MODERN AVIONICS WEIGH LESS, USE SPACE BETTER AND ARE ENERGY EFFICIENT

Posted Friday, August 08 2014 as Industry News

Cockpit Considerations--Making the Case for Avionics Upgrades

“Because they are smaller, less space is consumed on the instrument panel. In the past, for instance, a CRT-based EFIS would require a separate display image generator along with the display unit. Now, both can be incorporated within a single unit.” - Blake Hogge, senior manager of avionics sales at Jet Aviation

Along with greater reliability and product availability, modern avionics also offer a weight savings dividend, which could be as much as 250 pounds, according to Blake Hogge, senior manager of avionics sales at Jet Aviation’s maintenance facility in Cahokia, IL.

“Today’s LCD-based EFIS systems also generate less heat than their predecessors, because they do not require external fans and cooling ducts, and they are smaller, which is the natural progression of technology,” he notes.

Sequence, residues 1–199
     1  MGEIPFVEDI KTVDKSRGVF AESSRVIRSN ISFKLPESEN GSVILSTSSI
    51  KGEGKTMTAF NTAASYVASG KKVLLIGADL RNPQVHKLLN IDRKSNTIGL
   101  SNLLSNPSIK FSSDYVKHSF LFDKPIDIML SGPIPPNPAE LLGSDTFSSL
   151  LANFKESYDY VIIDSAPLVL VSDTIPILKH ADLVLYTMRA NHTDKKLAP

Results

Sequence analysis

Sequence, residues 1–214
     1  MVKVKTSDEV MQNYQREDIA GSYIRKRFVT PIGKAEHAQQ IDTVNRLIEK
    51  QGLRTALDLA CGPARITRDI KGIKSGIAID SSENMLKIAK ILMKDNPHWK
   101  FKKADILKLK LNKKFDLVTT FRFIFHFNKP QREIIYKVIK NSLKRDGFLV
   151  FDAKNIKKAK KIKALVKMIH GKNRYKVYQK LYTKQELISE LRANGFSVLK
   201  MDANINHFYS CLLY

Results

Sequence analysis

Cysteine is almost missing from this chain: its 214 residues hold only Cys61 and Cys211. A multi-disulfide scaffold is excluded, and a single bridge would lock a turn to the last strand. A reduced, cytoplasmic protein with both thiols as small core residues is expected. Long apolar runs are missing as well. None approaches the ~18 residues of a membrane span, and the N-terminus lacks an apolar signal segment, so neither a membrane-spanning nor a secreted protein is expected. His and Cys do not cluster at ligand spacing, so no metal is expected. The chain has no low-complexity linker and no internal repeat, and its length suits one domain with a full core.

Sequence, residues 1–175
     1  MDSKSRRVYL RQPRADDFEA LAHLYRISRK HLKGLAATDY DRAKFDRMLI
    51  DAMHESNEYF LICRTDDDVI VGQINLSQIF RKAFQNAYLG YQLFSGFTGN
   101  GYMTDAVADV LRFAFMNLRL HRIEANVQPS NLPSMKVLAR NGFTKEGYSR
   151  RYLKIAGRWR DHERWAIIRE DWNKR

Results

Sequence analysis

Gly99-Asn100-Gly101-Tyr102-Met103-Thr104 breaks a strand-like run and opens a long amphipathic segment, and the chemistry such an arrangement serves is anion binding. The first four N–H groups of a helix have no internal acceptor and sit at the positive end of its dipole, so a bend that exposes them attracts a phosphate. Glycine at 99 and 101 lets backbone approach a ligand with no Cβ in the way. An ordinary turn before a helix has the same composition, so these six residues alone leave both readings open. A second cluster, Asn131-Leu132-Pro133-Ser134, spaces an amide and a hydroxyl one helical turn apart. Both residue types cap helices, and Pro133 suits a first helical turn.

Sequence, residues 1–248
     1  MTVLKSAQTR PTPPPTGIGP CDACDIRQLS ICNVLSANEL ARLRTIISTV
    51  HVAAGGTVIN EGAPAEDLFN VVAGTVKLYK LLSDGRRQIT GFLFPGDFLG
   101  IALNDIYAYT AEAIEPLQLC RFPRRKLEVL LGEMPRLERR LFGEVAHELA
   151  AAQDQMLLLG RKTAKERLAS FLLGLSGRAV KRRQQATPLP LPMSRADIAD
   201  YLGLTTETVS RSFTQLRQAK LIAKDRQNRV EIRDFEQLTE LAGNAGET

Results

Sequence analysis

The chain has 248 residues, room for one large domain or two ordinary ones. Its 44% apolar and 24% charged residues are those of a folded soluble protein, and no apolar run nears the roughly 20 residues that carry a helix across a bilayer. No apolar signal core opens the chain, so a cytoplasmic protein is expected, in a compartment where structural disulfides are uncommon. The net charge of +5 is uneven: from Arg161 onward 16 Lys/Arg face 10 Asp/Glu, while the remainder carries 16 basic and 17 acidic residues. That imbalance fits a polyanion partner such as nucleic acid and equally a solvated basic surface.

“Because they are smaller, less space is consumed on the instrument panel. In the past, for instance, a CRT-based EFIS would require a separate display image generator along with the display unit. Now both can be incorporated within a single unit.”

“An analog cockpit might have some 40 instruments on the instrument panel, but today’s digital systems can reduce that to as little as three flat panel displays, which are larger format, increasingly multi-functional, and take up less space on the instrument panel,” says Tim Shaw, avionics manager at Calgary, Alberta-based Rocky Mountain Aircraft, a specialist in turboprop aircraft maintenance. “That provides operators with a more streamlined spares management opportunity.”

The new LCD and LED displays are far more robust, he adds, with greater resistance to vibration and electrical power variations than older models. “Once installed, the new-generation avionics units have no scheduled maintenance removal intervals, while the older, electro-mechanical systems did. I would estimate that this could equal approximately a 70% reduction in avionics maintenance costs,” Shaw states.

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